ever heard of yoghurt? [so healthy it has several accepted spellings, he he he–if you spel’t it yogurt, it's still good food!] 

    Just sayin' . . . Once you get out of lock-step,
    you’ve a chance of finding more useful tools; yr foods database expands, to a degree, and includes more important food items . . . more than butter or margarine!). 
    yoghurt has many nutritional aspects to make the potato advice all the more useful. 

    at 1:22: it gets worse, as for the text of this video—“so if you’re in a restaurant and you’re served a large potato, you can end up cutting it in half . . .” who wrote this text!!? 
    my curmudgeonly notes here—‘so if you’re in a restaurant, then you’ve missed some long-considered nutritional advice, that in my opinion is a superior way to address the ‘eating too much’ theme that ADC gives a flaccid nod to, in this uTube video. 
    I refer to Michael Pollan, and some of his books on matters of healthful eating: 
    Have you heard a by now popular prescriptive observation, that he made (it was last week quoted by another nutritionist, Mark Bittman, in the NY Times) 

    “. . . Eat food. Not too much. Mostly plants.” It speaks to, and does not insult, anyones’ intelligence. 
      
    http://www.webmd.com/food-recipes/20090323/7-rules-for-eating   

    Advising against ‘fast foods’ and indeed, favoring an old-timey notion of eating as a ‘family’, see this URL, for a short list of rules much more likely to mean something to you, if you really want a way to think about ‘eating too much’—
    http://www.webmd.com/food-recipes/20090323/7-rules-for-eating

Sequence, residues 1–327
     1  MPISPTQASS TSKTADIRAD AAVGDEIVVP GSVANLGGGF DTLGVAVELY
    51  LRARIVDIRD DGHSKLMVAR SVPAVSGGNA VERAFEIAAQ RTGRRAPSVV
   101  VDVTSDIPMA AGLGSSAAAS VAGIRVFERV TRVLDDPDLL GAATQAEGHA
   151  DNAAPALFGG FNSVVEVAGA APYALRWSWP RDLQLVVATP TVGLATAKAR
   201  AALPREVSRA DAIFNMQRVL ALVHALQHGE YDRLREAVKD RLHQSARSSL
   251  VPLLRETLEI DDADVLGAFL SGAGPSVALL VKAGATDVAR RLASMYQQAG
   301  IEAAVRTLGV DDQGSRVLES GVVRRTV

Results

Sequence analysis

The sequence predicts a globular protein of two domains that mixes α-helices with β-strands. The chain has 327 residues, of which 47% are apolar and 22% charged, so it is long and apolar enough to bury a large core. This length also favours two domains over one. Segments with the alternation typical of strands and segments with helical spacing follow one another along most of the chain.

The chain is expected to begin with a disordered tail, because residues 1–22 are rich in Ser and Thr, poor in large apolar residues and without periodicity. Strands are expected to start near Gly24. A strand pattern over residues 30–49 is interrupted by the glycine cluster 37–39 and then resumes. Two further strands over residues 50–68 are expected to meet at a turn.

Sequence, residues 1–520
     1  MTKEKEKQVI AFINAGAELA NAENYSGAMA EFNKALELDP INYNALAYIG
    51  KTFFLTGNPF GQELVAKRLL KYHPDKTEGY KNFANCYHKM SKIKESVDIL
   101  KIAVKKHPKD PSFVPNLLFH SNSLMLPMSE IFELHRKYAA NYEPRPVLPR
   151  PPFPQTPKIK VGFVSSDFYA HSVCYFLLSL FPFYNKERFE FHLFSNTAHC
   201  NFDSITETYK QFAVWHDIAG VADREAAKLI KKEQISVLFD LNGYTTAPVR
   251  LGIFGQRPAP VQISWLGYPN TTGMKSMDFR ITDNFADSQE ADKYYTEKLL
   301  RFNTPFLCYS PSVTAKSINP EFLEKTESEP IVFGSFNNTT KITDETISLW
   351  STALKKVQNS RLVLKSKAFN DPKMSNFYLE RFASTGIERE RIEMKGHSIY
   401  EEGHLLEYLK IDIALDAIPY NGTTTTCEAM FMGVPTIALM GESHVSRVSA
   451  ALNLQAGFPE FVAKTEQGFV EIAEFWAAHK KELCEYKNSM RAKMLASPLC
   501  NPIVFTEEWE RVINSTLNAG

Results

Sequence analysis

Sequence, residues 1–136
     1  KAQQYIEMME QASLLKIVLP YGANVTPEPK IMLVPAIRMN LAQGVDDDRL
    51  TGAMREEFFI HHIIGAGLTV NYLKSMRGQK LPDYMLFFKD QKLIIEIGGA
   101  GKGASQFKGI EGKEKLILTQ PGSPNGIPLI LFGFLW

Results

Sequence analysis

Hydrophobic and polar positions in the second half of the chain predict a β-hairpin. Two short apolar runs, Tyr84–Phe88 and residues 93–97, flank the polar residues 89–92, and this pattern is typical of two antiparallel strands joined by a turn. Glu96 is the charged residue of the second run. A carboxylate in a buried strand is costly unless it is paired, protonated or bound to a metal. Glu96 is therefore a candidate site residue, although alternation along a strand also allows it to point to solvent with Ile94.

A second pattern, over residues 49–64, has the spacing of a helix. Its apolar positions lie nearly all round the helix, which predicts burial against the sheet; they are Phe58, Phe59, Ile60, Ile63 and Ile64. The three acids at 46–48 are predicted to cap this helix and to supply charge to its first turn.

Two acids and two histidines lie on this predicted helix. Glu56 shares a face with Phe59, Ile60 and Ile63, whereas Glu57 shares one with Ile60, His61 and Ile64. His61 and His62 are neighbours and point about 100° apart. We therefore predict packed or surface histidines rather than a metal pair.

One of my favorite rubrics, very droll!! here: 
    “Don’t eat anything your great grandmother wouldn't recognize as food. 
    When you pick up that box of portable yogurt tubes, or eat something with 15 ingredients you can't pronounce, ask yourself, 
    "What are those things doing there?", 
    quoting Pollan here, again. 

    1:32: The notion the video teacher likes, “order the to-go plate” is some evidence that basic problems about our eating habits are utterly ignored, or unconsidered. It suggests devising ingenious doggy-bag mechanisms, habits actually, to maintain ones’ habits, and rather make them portable. Kinda like being always keeping yr iFone at hand. [wot?? you mean there’s an alternative”–i don’t THINK so.]
    The woman advises you make an actual ‘search’ for these bagels! Ha ha. LOL. use yr iPhone! LOL. 

    2:37: deals with fruits, apples in this case, and         yes they come in different sizes. A good place to segue in to a discussion of sugars—fructose, corn syrup and monosodium glutamate, and other issues of eating habits, that ignore 
    the 
    American paradox [where] “. . . we are a people who worry unreasonably about dietary health yet have the worst diet in the world."
     
    from this video the sum of valuable nutritional advice i got is merely a notice of two so-called foods, that are principally carbohydrates, bread and taters; like in the Rolly Poley Hank Williams song, a fifies praise for bread and taters! woo Whoo!! 
    throw in apples, and we have notable ‘size’ differences. LOL!